All inducted songs
"It's the silliest piece of cultural drivel ever composed in Newfoundland ... but it's found its way into every folksong collection in Canada. You know, once a hit, always a hit."
I’s The B’Y
  • Year Inducted: 2005
  • Written In: 19th Century
Unknown (Traditional) Songwriter
Alan Mills
Great Big Sea
Harry Hibbs
Ray Walsh
Ron Hynes
Ian Benzie
Wilf Doyle
The Travellers
Dating from the 19th century, this lively dance song from Newfoundland, full of good humour, reflects that province’s dependence on the sea.

First transcribed by folklorist Kenneth Peacock in St. John’s in 1951, two years after Newfoundland entered Confederation, I’s the B’y was likely originally a favourite at local kitchen parties, being transmitted orally for several decades before the first transcriptions and recordings were made.

Canadian Songwriters Hall of Fame inductee Edith Fowke and composer Richard Johnston were first to publish I’s the B’y, in their songbook “Folk Songs of Canada,” which was made available nationally. Newfoundland businessman Gerald Doyle followed by publishing the rollicking song in his book “Old-Time Songs and Poetry of Newfoundland,” distributing it free across Newfoundland. The song was later included in a 1965 publication of the National Museums of Canada.

Although no one knows for certain who composed the song that has become synonymous with Newfoundland culture, some scholars think it may have been created by Pearce’s Harbour resident Joseph Deering around the 1880s. Whoever the composer was, he (or she) captured both the hardships and pleasures of life in a small community on The Rock.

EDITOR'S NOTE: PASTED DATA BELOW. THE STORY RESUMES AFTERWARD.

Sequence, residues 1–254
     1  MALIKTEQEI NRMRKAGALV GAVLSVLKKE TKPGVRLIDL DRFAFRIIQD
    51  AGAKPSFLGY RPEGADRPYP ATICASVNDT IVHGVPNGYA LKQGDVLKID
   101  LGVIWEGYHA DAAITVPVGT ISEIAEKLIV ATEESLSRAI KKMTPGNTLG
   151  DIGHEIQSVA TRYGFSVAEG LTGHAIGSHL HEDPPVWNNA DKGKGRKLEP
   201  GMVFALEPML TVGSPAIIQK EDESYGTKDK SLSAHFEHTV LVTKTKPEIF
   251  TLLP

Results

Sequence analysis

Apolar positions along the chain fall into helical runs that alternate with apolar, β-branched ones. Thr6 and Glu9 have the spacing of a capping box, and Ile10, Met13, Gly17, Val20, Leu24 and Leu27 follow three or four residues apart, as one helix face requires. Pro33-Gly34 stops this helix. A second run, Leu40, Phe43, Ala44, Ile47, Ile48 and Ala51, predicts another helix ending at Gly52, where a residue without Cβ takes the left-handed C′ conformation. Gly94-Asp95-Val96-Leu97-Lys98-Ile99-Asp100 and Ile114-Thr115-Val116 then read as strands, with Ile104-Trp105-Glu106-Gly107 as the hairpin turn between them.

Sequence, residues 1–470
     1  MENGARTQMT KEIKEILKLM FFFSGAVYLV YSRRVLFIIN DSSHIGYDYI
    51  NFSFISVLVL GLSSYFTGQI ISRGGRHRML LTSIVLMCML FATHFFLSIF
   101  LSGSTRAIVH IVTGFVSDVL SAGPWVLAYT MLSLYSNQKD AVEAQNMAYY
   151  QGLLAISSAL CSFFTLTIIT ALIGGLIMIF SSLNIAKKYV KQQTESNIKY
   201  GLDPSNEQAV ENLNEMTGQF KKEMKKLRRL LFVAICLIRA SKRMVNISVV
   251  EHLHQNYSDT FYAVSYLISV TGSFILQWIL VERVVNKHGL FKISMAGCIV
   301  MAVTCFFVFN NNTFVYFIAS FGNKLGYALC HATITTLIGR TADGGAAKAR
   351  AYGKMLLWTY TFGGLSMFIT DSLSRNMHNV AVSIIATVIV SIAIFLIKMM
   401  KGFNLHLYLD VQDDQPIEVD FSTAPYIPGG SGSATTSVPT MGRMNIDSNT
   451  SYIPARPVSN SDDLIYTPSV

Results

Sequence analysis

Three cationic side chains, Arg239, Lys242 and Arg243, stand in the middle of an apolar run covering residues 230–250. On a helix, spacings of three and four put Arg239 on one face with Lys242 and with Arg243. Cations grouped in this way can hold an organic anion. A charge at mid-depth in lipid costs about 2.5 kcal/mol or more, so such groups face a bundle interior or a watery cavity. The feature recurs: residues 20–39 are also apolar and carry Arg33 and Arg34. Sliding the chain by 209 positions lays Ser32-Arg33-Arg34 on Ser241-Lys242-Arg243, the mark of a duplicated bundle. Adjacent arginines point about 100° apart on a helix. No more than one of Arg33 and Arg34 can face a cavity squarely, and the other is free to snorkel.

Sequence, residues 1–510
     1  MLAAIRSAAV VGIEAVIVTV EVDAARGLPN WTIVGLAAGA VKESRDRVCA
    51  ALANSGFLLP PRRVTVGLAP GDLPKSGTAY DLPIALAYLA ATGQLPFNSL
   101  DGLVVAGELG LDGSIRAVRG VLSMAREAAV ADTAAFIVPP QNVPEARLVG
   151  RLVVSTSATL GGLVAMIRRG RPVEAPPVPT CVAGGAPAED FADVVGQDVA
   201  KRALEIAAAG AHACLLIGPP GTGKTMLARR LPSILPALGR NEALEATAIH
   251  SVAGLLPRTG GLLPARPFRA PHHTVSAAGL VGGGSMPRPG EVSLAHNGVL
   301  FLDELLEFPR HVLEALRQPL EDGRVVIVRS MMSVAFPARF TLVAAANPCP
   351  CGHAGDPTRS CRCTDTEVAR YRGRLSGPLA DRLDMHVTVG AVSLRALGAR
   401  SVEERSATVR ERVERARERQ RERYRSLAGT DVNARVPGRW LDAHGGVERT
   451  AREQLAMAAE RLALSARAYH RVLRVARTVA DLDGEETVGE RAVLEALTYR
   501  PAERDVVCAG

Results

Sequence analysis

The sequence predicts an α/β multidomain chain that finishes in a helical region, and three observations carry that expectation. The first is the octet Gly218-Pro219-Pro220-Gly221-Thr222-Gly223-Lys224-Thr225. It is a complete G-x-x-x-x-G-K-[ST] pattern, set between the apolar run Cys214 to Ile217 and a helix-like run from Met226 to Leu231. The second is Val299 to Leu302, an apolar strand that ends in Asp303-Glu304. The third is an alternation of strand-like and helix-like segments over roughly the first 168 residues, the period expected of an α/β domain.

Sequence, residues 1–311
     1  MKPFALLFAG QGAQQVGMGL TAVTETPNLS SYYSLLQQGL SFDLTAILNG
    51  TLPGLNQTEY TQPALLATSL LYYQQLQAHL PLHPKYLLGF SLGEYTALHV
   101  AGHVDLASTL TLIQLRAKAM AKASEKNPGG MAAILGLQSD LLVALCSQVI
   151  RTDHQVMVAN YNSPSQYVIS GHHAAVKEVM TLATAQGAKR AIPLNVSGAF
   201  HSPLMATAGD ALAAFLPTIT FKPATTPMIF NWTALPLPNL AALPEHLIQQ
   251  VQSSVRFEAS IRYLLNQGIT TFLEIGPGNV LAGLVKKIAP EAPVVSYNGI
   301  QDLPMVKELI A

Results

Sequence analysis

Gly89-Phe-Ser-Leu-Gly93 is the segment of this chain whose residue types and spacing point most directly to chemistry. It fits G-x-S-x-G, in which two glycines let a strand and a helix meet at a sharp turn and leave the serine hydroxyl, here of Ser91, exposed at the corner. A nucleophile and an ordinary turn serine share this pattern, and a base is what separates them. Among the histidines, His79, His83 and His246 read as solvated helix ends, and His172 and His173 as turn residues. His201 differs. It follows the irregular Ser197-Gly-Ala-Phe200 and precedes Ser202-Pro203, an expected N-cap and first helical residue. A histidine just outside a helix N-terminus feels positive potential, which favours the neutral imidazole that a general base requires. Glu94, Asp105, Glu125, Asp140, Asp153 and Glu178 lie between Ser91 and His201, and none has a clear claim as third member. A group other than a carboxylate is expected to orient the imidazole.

I’s the B’y is a bouncy, fast, raucous jig replete with colourful local references and dialect. The lyrics paint the picture of a simple, but very full, life. The singer brags of his all-round skills as a fisherman: he not only builds his own boat, but sails it and brings home his codfish catch to boot. “Fish,” of course, means that Newfoundland staple, codfish; “rinds” and “flakes” were low-tech items employed in the fish-drying process. The singer looks forward to his simple sailor’s supper of “cake” (basic hardtack biscuit). When the day’s work is done, everyone heads to the local dance for entertainment, with a caller giving the instructions “hip your partner” (bump your hip against your partner) and “all around the circle.”

Local place names on The Rock create further local colour – Bonavista, Fogo, Twillingate, and Moreton’s Harbour.

I’s the B’y has been recorded by many Newfoundland musicians, among them Great Big Sea, country singer Dick Nolan, Harry Hibbs, Ray Walsh, Wilf Doyle, Shanneyganock, and actor Gordon Pinsent. In the mid-1900s it was picked up by nationally-known folk singers Alan Mills, The Travellers, and Omar Blondahl, and soon became essential repertoire for countless choirs in every province, as well as a favourite choice for Canadian folk song recordings.

Folk artists from farther afield in Ireland (Ryan’s Fancy), the U.S. (Gordon Bok), and Scotland (Ian Benzie) have also paid tribute to I’s the B’y.

The fun ditty is now widely thought of as a children’s song, being learned in school and organizations such as the Girl Guides and through recordings and performances by children’s entertainers like Sharon, Lois and Bram; Andrew Queen; and CBC television character Captain Claw.

In 1993, Canada Post issued an I’s the B’y postage stamp honouring the song.

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I's The B'Y - Performed by Ron Hynes
"I's The B'Y" was performed by Newfoundland singer-songwriter Ron Hynes at the 2005 CSHF Induction Gala.
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